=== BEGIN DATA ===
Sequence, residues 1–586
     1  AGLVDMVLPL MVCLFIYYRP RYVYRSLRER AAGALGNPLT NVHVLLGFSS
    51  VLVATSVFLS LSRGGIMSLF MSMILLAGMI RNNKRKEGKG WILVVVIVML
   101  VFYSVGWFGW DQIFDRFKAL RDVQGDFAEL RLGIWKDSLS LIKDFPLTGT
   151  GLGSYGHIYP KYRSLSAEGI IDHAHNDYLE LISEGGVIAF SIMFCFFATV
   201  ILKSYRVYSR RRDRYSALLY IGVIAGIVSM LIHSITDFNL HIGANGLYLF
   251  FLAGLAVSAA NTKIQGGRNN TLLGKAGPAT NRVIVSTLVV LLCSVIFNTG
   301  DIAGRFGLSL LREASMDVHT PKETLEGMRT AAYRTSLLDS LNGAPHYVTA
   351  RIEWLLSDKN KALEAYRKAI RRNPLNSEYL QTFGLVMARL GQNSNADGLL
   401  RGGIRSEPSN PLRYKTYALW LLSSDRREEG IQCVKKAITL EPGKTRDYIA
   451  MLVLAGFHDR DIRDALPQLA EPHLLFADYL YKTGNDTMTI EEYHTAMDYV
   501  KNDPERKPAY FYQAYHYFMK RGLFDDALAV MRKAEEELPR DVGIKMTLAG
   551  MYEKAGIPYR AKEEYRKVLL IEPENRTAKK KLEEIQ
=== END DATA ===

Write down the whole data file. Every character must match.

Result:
Sequence, residues 1–586
     1  AGLVDMVLPL MVCLFIYYRP RYVYRSLRER AAGALGNPLT NVHVLLGFSS
    51  VLVATSVFLS LSRGGIMSLF MSMILLAGMI RNNKRKEGKG WILVVVIVML
   101  VFYSVGWFGW DQIFDRFKAL RDVQGDFAEL RLGIWKDSLS LIKDFPLTGT
   151  GLGSYGHIYP KYRSLSAEGI IDHAHNDYLE LISEGGVIAF SIMFCFFATV
   201  ILKSYRVYSR RRDRYSALLY IGVIAGIVSM LIHSITDFNL HIGANGLYLF
   251  FLAGLAVSAA NTKIQGGRNN TLLGKAGPAT NRVIVSTLVV LLCSVIFNTG
   301  DIAGRFGLSL LREASMDVHT PKETLEGMRT AAYRTSLLDS LNGAPHYVTA
   351  RIEWLLSDKN KALEAYRKAI RRNPLNSEYL QTFGLVMARL GQNSNADGLL
   401  RGGIRSEPSN PLRYKTYALW LLSSDRREEG IQCVKKAITL EPGKTRDYIA
   451  MLVLAGFHDR DIRDALPQLA EPHLLFADYL YKTGNDTMTI EEYHTAMDYV
   501  KNDPERKPAY FYQAYHYFMK RGLFDDALAV MRKAEEELPR DVGIKMTLAG
   551  MYEKAGIPYR AKEEYRKVLL IEPENRTAKK KLEEIQ